Cavolfiori al pomodoro alla napoletana (Cauliflower with tomatoes, from Naples)










A basic and yet rewarding dish from Naples, almost embarrassing in its simplicity. It comes from the splendid La Cucina Napoletana, the book that is considered the bible of Neapolitan cooking, written by Mrs Jeanne Carola Francesconi in 1965 – if you read Italian, you must get it.

I long resisted cooking this, as it always did sound too elementary. Can cauliflower florets cooked with tomatoes  be only few notches way from boring?    I was wrong, of course:  this is an excellent vegetarian dish, where the result is much more than its components. The florets are not swimming in tomato sauce, but only just lightly coated and yet deeply flavoured, due to a liberal hand with olive oil (and lard, in the original recipe, which, I suspect, gives the dish an even fuller finish). There is a little garlic in the background, but not too much, it is only one clove – just a mere suggestion, with true Italian restrain: over doing with garlic does not belong to the Italian kitchen. The finale is quite extravagant though: chopped parsley and a very generous shower of caciocavallo cheese, that most rewarding, umami-rich and almost spicy  Italian cheese. I did not have it and used a  mix of Parmigiano and pecorino: this worked a treat. Provolone could be an option too.
Mrs Francesconi suggests eating this hot, but I preferred to let it cool down and eat it at room temperature. Any leftovers can be chopped up and used to dress some pasta or in a frittata.

Cavolfiore al pomodoro alla napoletana (Cauliflower with tomatoes, from Naples)
6-8 portions
1.5 kg cauliflower florets
Olive oil 75 g
Lard 75 g (I used olive oil only, 150 g in total)
1 whole clove of garlic
Plum canned tomatoes, 750 g ( 2 standards 400 g tins), well drained
Caciocavallo cheese, grated 150 g (or provolone piccante  or Parmigiano and/or pecorino)
Parsley, chopped, a handful

Part-cook the cauliflower florets in salted, boiling water until still very al dente. Drain them on a towel. I think that part-cooking vegetables in (furiously boiling) salted water much improves their taste, but you can also steam them of course, If you cannot tollerate the inevitable partial loss of some nutrients that boiling entails.
Fry the garlic in the fat(s),  add the cauliflower florets and let them cook for about ten minutes,  at lively heat. This stage is very importante: it is called insaporire,  i.e. to let things get tasty.
Lower the heat, add the drained plum tomatoes and cook for further 10 minutes or until the cauliflower is fully tender.
Add the chopped parsley, stirr well and shower the dish with the grated caciocavallo cheese. Eat now or at room temperature.

I have also tried this dish adding some chilly pepper at the beginning and it was even better: the contrast between the hot condiment and the sweet, mild cauliflower is very tasty.




13 thoughts on “Cavolfiori al pomodoro alla napoletana (Cauliflower with tomatoes, from Naples)

  1. This does sound nice, indeed! I haven’t tried it yet, but I will do. With the lard, because why not? Hard to go wrong with Francesconi. I’d be curious to hear more about your views on boiling vs steaming. I hadn’t given it much thought, but I was intrigued by the thought that boiling improves the flavor.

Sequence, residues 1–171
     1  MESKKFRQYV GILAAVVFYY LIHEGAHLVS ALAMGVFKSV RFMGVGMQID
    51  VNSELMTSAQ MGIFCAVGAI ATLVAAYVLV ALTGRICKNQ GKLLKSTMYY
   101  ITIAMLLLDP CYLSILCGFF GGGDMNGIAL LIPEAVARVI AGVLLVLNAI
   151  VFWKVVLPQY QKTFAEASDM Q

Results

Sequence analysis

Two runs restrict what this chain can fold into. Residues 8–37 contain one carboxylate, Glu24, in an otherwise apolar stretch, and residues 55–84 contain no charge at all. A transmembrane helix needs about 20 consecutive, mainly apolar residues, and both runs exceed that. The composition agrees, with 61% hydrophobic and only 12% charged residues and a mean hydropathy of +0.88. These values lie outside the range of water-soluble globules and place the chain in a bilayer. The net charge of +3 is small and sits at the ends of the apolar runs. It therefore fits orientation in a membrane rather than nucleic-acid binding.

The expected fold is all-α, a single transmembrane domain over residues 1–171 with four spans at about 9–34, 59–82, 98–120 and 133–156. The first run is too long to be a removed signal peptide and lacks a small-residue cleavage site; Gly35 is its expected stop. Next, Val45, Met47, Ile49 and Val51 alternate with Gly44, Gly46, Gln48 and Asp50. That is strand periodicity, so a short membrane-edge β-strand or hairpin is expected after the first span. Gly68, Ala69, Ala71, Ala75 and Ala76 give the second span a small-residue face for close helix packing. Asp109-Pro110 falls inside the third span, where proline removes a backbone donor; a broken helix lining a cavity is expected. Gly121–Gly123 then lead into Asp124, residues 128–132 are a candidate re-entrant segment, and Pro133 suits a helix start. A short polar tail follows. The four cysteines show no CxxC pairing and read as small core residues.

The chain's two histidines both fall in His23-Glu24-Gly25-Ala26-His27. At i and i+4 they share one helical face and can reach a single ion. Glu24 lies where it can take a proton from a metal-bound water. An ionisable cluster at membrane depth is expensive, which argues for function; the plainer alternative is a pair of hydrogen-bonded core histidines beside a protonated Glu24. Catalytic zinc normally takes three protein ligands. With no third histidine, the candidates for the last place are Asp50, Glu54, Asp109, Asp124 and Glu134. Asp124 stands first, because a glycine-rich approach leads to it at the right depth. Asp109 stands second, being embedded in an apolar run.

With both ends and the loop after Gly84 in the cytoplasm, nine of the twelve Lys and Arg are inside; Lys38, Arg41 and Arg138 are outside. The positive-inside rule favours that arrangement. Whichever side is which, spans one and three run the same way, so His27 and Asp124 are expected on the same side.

1. Good lard would work a treat (I am going through a no-meat period)/on boiling: I think that done correctly:lots of hevily salted water, quickly + everything refreshed in icy water: best method (but it is a rather cumbersome process, I agree)/


    2. hi Frank: when I say boiling, I mean in rather heavily salted water, at furious boiling (for greens especially, potatoes are another game: very gentle simmering) + shock in icy water and thorough draining…
      I prefer the fuller flavour that salting beforehand gives, plus the colour issue, that I still find rather important, even if I am not cooking professionally any more..


  2. Cauliflower is abundant here now, and I can’t wait to try this (senz’aglio, of course). And thanks for your mention of overdoing garlic. Even when I could eat it, it bothered me that people overused it…

    I wish I read Italian better, but I am working my way through La Cucina Napoletana bit by bit. And, like you, we are trying to eat more vegetarian meals. Not solely, but it seems a good idea.


    1. ciao Jo
      I guess that with all that oil and sugna + caciocavallo.. everything is delicious… kidding: I would not call myself a fan of cauliflower, unless bather in butter, béchamel, cheese.. but this one, especially at room temperature, was pretty good. Francesconi has few recipes with cauliflower and they all looked good (couple of weeks ago I made Hazan’s fried cauliflower, with a a parmesan, batter and…. to die for actually!!)


      1. io proprio alla versione piccantina miravo! Bel tocco.
        Oh, prova quel tortino super di Ottolenghi, lo trovi anche nel mio blog, sono certa che ti piacerà e anche a chi è interessato all’aspetto dark-piccantino
        del trattare il cavolfiore.


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